“I am a biologist with a broad interest in how organisms adapt to pathogenic infections and what the underlying genetic basis is.
I am primarily using experimental evolution to understand selective forces behind different immune strategies (e.g. memory, resistance, tolerance) in a diverse life-history contexts (e.g. repeated vs. rare pathogen exposure, ageing, environmental and nutrient stress). At the same time, I am also taking a stab at genetics as a tool to understand the mechanisms”
Basabi, Srijan, Saubhik, Biswajit and Devshuvam are spearheading major projects in the lab! They who keep the lab going…
Devshuvam Banerji, Undergraduate Research Assistant, UG batch 2020, Competition, exposure to antibiotics and many other ecological pressure play an important role in determining the fate of microbes. I am keen on understanding how evoling under such selection pressures affect the ability of a microbe to infect it’s host. My interest also lies in decoding how sexual dimorphism in beetles shape their immunity
Srijan Seal, PhD student (Spring 2019- ) Email email@example.com, Evolution of immune responses under co-infection
Saubhik Sarkar, PhD student (Sept 2018-present; Email: firstname.lastname@example.org): I hail from Malda, and I completed my Masters in Zoology from BHU. My research interest lies in the broad areas of life-history evolution, non-genetic inheritance, ageing of immune response and host-parasite co-evolution. I love reading, especially the work of Satyajit Ray, Haruki Murakami and Matt Ridley. A big time foodie, I am always on the lookout for places with great food! That’s not all, for I am also a professional table tennis player.
Basabi Bagchi, PhD student (Jan 2018-present; Email: email@example.com): I possess degrees in microbiology and biochemistry but the area of biology that interests me the most is evolution. During my masters I received an opportunity to study experimental evolution hands-on, sealing my decision to choose evolutionary biology for my doctoral studies. I would like to answer fundamental questions about evolution in relation to insect immunity, using both biochemical and molecular tools. Apart from academics, I am an ardent bird watcher. I love travelling to different wildlife sanctuaries and forests and try to capture their beauty through my camera. Last but not the least, I am a foodie with a major sweet tooth!
Shashwat, Shreya and Manasven are Undergraduate Research Interns from Ashoka University who not only drive various new projects on ecology and evolution of infection spread and disease, they have been instrumental in bringing new ideas to the lab! Great Job Guys!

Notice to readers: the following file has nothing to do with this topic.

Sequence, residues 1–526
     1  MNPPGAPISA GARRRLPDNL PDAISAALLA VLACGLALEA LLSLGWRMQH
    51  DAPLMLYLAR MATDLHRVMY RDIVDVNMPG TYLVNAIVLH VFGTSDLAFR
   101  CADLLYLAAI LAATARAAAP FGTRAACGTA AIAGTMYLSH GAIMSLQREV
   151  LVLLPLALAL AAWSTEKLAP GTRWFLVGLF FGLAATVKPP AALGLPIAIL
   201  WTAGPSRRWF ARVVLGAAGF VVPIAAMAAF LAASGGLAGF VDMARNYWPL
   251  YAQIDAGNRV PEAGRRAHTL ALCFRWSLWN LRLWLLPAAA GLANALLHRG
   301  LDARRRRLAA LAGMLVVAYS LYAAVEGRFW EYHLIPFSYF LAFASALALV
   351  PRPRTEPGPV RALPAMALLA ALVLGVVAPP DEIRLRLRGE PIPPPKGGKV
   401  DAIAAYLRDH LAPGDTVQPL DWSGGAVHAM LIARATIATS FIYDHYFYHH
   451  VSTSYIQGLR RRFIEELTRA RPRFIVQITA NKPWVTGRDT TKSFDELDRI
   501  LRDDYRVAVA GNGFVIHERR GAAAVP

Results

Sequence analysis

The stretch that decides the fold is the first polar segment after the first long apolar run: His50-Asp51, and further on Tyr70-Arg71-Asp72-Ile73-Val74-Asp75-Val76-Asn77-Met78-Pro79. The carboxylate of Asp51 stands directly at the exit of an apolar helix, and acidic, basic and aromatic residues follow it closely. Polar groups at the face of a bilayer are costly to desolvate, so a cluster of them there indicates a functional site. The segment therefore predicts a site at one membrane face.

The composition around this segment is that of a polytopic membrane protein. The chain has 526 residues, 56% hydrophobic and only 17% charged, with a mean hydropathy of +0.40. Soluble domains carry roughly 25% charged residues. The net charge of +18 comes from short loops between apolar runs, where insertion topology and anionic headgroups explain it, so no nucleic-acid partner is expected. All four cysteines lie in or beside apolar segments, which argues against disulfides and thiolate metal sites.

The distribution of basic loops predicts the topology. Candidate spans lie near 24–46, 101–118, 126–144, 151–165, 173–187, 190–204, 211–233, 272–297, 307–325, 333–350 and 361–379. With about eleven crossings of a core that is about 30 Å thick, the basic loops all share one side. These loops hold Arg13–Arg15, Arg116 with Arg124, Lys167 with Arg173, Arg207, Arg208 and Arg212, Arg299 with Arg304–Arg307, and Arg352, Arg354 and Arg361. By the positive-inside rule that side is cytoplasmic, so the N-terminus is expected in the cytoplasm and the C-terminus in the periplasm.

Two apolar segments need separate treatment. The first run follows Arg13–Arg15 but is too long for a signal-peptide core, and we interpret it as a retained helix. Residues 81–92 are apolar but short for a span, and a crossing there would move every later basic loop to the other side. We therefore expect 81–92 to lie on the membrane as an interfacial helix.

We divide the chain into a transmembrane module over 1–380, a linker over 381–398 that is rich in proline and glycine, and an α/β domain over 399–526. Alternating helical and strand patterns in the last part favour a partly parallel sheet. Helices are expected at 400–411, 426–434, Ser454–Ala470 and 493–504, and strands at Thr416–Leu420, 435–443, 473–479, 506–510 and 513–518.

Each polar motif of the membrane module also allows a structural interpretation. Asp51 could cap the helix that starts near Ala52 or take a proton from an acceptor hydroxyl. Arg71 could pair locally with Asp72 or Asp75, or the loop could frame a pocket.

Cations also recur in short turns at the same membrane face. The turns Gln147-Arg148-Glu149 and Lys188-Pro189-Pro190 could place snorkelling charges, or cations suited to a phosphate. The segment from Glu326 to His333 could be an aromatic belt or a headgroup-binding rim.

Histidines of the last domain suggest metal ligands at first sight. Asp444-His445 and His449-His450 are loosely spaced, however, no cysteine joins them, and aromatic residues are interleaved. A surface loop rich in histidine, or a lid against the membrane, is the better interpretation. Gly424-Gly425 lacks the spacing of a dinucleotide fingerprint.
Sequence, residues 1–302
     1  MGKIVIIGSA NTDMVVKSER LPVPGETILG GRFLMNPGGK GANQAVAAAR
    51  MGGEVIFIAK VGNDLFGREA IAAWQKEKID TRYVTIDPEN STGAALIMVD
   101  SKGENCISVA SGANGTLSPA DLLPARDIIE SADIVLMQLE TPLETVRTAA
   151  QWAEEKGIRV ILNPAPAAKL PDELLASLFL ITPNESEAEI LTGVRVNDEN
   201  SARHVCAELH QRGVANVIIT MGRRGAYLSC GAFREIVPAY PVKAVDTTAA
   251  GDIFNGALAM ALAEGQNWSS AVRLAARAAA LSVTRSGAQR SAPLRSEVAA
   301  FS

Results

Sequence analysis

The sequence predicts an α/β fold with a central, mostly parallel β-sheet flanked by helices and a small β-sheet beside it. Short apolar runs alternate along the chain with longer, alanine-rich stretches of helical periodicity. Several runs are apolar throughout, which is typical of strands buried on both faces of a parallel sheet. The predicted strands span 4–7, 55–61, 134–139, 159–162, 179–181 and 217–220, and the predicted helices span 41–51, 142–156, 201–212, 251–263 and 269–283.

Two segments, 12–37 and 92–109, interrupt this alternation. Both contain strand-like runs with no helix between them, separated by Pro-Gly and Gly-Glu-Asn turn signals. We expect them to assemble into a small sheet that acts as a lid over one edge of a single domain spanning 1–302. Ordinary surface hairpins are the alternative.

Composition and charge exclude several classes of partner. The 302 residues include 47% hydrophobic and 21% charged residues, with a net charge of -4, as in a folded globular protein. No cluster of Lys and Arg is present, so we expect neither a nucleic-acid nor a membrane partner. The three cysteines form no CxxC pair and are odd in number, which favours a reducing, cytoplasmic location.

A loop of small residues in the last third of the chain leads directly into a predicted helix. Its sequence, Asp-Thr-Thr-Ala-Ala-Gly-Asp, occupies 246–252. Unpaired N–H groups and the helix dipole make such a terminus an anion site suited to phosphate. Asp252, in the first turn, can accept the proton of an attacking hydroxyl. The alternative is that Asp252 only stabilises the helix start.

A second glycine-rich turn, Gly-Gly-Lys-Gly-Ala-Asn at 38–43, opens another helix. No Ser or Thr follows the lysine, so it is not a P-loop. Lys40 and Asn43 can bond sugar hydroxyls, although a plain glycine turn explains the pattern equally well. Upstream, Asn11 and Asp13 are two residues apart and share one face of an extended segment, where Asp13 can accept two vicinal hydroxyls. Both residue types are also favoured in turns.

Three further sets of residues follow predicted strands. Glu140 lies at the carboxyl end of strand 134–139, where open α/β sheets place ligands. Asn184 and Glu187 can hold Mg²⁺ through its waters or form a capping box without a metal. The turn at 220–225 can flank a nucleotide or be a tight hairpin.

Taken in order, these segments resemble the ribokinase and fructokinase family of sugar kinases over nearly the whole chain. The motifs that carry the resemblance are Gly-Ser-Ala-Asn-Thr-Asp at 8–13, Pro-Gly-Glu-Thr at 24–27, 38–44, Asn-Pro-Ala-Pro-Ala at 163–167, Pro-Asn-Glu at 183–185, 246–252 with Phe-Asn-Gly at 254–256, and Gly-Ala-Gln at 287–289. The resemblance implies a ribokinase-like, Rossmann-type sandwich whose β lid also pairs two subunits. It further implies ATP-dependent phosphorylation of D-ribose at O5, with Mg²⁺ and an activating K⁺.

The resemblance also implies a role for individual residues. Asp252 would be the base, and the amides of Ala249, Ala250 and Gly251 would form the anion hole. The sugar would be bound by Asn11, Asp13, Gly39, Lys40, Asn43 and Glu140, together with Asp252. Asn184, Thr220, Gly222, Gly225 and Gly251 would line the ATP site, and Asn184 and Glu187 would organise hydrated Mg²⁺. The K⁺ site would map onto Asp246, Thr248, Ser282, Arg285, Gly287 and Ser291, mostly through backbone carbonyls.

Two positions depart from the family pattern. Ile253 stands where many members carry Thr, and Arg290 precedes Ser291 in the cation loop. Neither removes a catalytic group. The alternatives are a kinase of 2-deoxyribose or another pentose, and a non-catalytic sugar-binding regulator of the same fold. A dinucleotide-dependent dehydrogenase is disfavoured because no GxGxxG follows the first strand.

Shashwat Goyal, UG Research Intern, Batch 2020; “I am interested in working on the interplay of infection, life history traits and genetic backgrounds in Drosophila melanogaster. I’ve currently worked on immune molecule deficient lines (PPOs), lines with different ageing regimes (ACO and CO) and wild type lines(BRB). My experiments included 1)testing the differences in post-infection survival between flies that have different mating status and diets, 2) Testing the role of quick acting immune molecules (PPOs) on immunopathology following immune activation and 3) Testing the effect of different ageing regimes on rate of ageing post immune activation. I plan to continue working on flies with variable mating status and diet and testing their effect on other life history traits post-infection.”
Shreya Verma, Undergraduate Research Intern, Batch 2020, Research Interest: “Diseases spread through a number of ways in a population. I am interested in understanding how disease spreads in a natural population through scavenging, and how it affects the fitness of red flour beetles.”
Manasven Raina, UG Research Intern, Batch 2020, Research Interest: Interested in all manners of things related to ecology and evolution. Mainly, I have worked on a project assessing fitness impacts of con-specific feeding in a model system, with some dabbling into chemical ecology as well. On the side, I have worked on dispersal in the Tribolium castaneum species.
Arun Prakash is my long-term accomplice in various experiments since 2014. He is now a PhD student at U Edinburgh and collaborating with me in my various ongoing projects on “Role of insect antimicrobial peptides in immune priming and aging of immune responses”! Way to go Arun
It was great having all of you in the lab! Good Luck guys